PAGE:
We did some more blood work today just to check my levels, but I'm going to start taking some medicine to help regulate my thyroid. The meds can pose some risk to the baby (although that is rare), but not taking the meds is apparently worse.
What I'm curious about is whether many of my nausea symptoms are actually related to or caused by my thyroid.
Interestingly, my dad had hyperthyroidism when he was in high school. I talked to him on the phone today and we compared symptoms. Perhaps concerned that I was going to inherit all his medical maladies, he asked how my blood sugar is. So far, so good...
For some more information on hyperthyroidism and pregnancy, here's a website I found particularly helpful.
Wednesday, June 18, 2008
September 2005--It is my first day of graduate school, and my first day of teaching. My class, an English 151 Composition course, starts at 9 a.m. I am awake and ready before 7, the butterflies in my stomach flying laps around my breakfast. I spend hours preparing for this first class, which will essentially be introductions and reading through the syllabus. Nonetheless, I do everything up to writing out a script for what I will say. I have never been so terrified of 20 18-year-olds before.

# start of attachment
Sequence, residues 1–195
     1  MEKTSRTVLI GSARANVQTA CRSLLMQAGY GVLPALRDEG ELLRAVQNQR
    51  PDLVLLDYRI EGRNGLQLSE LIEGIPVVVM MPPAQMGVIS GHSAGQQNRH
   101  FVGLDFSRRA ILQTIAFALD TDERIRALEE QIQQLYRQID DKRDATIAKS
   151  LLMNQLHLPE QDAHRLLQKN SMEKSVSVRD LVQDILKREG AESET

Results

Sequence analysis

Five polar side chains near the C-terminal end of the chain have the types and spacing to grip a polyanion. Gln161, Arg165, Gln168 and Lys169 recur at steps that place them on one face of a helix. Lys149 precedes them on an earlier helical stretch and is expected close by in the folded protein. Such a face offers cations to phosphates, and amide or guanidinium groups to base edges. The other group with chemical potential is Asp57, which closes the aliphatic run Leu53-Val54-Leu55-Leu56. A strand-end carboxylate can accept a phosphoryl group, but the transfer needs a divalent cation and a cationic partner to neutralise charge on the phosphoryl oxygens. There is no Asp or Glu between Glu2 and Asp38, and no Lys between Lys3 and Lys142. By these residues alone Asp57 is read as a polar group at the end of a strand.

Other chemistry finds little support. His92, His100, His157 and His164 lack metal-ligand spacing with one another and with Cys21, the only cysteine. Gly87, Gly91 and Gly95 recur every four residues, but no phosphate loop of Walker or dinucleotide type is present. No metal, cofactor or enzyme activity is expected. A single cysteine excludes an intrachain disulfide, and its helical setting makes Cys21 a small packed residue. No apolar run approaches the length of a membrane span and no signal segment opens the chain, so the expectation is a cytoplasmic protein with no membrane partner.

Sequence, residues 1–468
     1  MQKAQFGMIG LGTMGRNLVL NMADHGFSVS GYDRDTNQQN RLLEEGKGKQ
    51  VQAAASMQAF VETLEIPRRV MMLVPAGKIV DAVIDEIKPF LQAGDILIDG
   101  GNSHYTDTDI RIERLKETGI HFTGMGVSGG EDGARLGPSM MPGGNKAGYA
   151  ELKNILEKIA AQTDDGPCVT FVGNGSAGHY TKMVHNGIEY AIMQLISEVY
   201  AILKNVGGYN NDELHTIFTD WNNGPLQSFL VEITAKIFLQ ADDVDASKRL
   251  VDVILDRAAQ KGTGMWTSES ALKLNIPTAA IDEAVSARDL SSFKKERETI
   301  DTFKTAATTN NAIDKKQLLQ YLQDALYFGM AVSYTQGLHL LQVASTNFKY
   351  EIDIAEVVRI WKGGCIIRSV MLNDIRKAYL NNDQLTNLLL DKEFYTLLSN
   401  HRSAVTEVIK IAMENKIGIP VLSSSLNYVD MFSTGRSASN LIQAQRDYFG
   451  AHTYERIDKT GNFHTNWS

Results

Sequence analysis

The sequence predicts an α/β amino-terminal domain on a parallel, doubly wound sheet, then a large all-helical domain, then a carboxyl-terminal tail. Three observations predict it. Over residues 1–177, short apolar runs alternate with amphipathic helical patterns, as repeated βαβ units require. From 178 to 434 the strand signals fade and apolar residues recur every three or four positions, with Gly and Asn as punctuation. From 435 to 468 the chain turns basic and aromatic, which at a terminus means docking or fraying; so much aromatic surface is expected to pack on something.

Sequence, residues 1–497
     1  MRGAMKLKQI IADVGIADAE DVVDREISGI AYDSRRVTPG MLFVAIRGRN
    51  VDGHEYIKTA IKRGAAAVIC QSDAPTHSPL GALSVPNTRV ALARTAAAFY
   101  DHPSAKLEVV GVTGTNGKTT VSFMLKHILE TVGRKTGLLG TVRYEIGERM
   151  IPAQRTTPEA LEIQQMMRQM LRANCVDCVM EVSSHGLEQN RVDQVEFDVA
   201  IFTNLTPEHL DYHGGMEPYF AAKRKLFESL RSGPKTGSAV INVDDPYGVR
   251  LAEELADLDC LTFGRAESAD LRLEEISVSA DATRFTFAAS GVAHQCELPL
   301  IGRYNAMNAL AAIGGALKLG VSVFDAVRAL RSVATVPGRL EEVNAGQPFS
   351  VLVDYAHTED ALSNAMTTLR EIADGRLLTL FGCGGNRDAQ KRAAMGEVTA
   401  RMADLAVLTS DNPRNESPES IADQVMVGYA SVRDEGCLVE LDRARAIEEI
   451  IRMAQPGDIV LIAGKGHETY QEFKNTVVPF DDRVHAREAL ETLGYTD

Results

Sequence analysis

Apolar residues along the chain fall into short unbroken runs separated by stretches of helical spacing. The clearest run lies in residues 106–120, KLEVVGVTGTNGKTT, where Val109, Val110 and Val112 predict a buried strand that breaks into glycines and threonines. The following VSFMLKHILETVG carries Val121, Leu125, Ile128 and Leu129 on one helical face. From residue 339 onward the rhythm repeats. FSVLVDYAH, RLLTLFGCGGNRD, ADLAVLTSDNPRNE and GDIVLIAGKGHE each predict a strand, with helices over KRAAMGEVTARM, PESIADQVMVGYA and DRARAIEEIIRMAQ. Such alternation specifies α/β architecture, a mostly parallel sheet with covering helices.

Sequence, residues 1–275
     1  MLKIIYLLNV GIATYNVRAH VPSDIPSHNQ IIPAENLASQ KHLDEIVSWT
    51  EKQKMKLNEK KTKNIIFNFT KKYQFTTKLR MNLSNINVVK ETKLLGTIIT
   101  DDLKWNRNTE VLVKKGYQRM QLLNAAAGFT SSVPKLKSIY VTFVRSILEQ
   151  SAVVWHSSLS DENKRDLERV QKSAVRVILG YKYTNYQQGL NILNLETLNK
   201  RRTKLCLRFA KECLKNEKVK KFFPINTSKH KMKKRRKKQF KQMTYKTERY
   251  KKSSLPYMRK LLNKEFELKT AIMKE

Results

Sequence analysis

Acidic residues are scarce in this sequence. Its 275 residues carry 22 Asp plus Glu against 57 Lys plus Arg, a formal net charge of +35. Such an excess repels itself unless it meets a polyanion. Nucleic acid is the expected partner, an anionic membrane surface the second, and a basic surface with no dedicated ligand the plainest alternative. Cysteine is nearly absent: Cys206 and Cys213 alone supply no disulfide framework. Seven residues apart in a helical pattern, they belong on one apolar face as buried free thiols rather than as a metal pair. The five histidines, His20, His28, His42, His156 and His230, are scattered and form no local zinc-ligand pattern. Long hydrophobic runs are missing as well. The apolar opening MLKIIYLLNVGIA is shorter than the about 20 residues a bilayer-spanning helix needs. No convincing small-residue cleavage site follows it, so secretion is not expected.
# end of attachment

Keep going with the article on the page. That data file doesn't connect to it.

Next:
November 2005--I have been teaching for weeks now, and feel a relative ease in front of my students. I still spend far too much time prepping for each class, but since it's my first time in the professor's seat, it's not too surprising. But something else has come up--I'm several weeks pregnant, having some spotting, and am ordered to take a week of bedrest. I teach every day. Fortunately, one of my friends is available to teach my class, and I learn for the first time the glory of a well-chosen movie. She stretches the movie out over three days. It's a snap.
December 2005--I finished filing my grades weeks ago, so I check in on my teaching evaluations from my first quarter of teaching. They are surprisingly good. I am relieved. This scene will repeat itself every quarter, except for:
December 2006--My first quarter back teaching after Charlotte was born was a minor disaster. This will go down as my biggest teaching disappointment. I had the opportunity to teach a 200-level literature course for the first time. A combination of not enough time to prepare (infants take up all your time, I found), an unclear idea of the goals of the class, and a group of underprepared and underwhelmed students led to my worst teaching experience ever. I dread reading my evaluations. They are not uniformly bad, but almost each one is critical of the course, the materials, and (gulp) me. I go into winter break determined to make my next class a success.